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Critical thinkingcan seem like such an abstract term that you don’t practically use. The truth is, that as nurses we can’t escape critical thinking . Let me give you a few examples from my career in which critical thinking helped me take better care of my patient. Second, since lean leaders are seen as essential in enhancing the problem-solving abilities of healthcare staff,8 we expect effective lean leadership to strengthen the relationship between lean maturity and second-order problem-solving.
What do I know that will get rid of extra fluid and make him pee? I ran over my thought process with a coworker before calling the doc. I called the doc and before I could suggest anything, he said.. The told the doctor when he rounded that morning that the meds weren’t doing anything. She kept requiring more and more meds and I’m supposed to someone wean her off? Critical thinking is something you’ll do every day as a nurse and honestly you probably do it in your regular non-nurse life as well.
OK, so he’s got extra fluid that he can’t get out of his body.. She maxed it out every time, still saying she was in horrible pain. She said to get rid of those other pain meds because they “didn’t do a damn thing,” and to “just give her that nerve pain pill because it’s the only thing that works”. She was able to work with therapy more because her pain was tolerable and was finally able to get rest.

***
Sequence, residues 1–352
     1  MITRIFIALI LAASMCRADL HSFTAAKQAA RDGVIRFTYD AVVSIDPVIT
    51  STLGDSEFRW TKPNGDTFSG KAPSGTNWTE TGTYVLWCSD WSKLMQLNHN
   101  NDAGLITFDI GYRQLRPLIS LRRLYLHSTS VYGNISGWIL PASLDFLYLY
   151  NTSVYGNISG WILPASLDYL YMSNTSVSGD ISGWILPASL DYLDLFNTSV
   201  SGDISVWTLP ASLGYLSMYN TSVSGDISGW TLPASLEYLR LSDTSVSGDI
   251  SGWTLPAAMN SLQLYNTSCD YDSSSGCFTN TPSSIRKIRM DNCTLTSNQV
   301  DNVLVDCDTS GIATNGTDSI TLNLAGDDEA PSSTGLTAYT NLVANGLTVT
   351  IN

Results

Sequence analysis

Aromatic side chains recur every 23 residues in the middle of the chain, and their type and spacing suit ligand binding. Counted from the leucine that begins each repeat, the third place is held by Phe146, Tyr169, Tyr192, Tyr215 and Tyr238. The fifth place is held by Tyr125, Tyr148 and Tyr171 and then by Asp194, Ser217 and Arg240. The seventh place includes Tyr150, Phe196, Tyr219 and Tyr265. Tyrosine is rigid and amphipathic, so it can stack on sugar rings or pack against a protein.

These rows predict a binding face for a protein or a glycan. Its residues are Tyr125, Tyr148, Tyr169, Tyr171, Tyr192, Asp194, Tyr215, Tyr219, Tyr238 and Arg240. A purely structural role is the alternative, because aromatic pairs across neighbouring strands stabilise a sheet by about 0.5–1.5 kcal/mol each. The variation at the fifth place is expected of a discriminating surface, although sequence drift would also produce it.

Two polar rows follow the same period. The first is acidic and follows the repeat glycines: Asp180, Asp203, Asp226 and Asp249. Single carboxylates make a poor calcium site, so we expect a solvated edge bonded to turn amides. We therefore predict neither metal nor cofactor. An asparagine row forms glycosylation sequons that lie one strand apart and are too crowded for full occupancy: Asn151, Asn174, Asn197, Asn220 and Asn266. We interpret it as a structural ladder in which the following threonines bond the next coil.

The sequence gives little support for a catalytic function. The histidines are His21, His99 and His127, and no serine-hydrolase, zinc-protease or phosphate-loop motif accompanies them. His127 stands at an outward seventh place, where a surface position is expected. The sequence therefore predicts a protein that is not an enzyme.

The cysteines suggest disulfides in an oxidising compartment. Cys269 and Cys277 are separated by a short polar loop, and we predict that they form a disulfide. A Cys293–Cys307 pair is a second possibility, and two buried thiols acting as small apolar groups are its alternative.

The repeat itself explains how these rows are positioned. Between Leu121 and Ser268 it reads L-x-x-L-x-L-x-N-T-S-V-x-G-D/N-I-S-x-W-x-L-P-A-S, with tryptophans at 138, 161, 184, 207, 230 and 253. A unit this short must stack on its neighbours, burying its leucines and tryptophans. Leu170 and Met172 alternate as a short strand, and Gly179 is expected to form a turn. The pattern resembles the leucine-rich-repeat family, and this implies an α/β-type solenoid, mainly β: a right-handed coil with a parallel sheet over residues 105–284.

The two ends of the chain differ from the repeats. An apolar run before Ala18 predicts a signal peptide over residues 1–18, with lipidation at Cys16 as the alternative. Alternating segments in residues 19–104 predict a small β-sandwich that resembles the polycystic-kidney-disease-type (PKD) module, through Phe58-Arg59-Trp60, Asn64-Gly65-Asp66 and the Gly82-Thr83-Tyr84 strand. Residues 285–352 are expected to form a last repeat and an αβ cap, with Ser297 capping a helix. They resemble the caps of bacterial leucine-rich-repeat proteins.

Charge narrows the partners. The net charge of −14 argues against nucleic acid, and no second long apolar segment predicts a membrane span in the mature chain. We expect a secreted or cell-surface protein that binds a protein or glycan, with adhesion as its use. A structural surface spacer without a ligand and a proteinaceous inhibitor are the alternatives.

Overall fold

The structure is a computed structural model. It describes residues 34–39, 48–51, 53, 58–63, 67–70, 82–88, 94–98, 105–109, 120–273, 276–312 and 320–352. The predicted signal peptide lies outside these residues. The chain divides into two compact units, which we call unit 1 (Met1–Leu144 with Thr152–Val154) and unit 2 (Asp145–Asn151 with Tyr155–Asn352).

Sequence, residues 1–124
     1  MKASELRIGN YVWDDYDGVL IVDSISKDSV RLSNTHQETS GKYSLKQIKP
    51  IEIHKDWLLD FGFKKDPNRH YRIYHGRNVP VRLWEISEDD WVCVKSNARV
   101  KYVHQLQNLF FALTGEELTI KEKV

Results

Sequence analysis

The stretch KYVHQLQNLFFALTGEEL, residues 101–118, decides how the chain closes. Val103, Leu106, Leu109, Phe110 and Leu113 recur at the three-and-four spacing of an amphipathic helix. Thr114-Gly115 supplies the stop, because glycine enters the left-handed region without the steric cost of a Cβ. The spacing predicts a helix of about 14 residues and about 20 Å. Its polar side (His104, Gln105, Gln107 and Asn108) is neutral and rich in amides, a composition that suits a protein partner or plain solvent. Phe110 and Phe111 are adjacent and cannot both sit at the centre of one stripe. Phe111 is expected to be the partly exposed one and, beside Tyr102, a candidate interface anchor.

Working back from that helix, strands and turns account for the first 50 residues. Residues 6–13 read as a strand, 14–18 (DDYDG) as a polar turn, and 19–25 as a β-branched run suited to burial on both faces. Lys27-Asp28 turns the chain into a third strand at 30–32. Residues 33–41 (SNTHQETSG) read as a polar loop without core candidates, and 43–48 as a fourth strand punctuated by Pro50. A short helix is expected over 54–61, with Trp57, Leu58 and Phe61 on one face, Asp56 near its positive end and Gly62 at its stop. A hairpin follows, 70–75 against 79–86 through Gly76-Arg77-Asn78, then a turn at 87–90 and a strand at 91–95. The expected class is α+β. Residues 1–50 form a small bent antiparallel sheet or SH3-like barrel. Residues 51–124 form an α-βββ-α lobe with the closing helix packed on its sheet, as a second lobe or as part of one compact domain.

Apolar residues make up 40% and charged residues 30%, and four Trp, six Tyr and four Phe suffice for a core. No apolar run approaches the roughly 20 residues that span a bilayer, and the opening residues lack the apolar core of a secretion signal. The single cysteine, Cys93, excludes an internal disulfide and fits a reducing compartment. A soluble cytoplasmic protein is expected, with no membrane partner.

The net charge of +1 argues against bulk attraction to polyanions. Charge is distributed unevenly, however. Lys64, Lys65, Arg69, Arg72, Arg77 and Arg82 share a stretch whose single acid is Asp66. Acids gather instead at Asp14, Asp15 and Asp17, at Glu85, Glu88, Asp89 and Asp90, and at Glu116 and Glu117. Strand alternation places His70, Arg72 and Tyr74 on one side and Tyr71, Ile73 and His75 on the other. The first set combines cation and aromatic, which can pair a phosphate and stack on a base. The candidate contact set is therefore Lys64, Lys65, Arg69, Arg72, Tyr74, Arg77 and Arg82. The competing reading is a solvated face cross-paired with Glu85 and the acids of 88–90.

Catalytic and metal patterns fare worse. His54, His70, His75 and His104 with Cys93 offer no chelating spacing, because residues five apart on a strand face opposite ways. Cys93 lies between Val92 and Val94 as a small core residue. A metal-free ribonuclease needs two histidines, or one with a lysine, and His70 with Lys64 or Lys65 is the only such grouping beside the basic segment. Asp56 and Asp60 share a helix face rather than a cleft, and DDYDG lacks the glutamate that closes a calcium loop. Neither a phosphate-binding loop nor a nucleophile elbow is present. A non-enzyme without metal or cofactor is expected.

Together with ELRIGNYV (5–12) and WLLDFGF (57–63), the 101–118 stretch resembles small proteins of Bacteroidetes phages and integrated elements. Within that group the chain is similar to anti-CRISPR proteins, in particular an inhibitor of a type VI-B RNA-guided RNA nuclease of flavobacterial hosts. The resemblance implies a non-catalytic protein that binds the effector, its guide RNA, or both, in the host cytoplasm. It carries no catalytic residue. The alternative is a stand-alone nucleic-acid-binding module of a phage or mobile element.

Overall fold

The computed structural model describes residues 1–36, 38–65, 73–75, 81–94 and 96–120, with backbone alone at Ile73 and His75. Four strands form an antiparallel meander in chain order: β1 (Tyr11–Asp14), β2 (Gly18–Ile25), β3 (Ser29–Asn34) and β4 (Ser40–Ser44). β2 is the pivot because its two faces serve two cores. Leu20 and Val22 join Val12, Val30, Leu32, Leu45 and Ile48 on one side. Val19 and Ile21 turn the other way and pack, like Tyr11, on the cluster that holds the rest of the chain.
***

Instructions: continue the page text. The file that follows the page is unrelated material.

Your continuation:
Since then, lean has gained in popularity in the sector.1 The primary goals of lean in healthcare have been to increase the quality of care and to increase efficiency.2 To achieve these goals, most healthcare organisations have emphasised the application of lean tools to reduce direct waste, but neglected developing the problem-solving abilities of frontline employees.3 This approach may have created some process improvements, but long-term hospital-wide benefits have rarely been achieved.4 To realise more of lean’s potential, it is often suggested that structured problem-solving should be developed throughout the organisation to sustainably improve processes.3 This is inspired by Liker’s 4P model that identifies four aspects of lean: philosophy, process, people and problem-solving.3 One well-known and effective approach to this is 3 suggests that second-order problem-solving is more prevalent than first-order problem-solving in nursing teams with high levels of lean maturity.
However, evidence from a larger sample of wards is needed to confirm this.
(Mazur and Chen, p63)6 Tucker and Edmondson (p61)5 distinguish five broad actions linked to second-order problem-solving: (1) communicating to the person or department responsible for the problem; (2) bringing the problem to the manager’s attention; (3) sharing ideas about the cause of the situation and how to prevent recurrence; (4) implementing changes; and (5) verifying that changes have the desired effect.
Nurses apply both first- and second-order problem-solving approaches.
Interview data were used to assess the level of lean maturity (based on a customised validated instrument) and the level of second-order problem-solving (based on scenarios).
Within-case and cross-case analyses were employed to identify lean leadership practices.
Objectives To investigate the relationship between lean adoption and problem-solving behaviour in nursing teams, and to explore the practices of lean leaders on nursing wards to reveal how they can stimulate second-order problem-solving within their teams.
Design A mixed-methods retrospective multiple case study using semistructured interviews.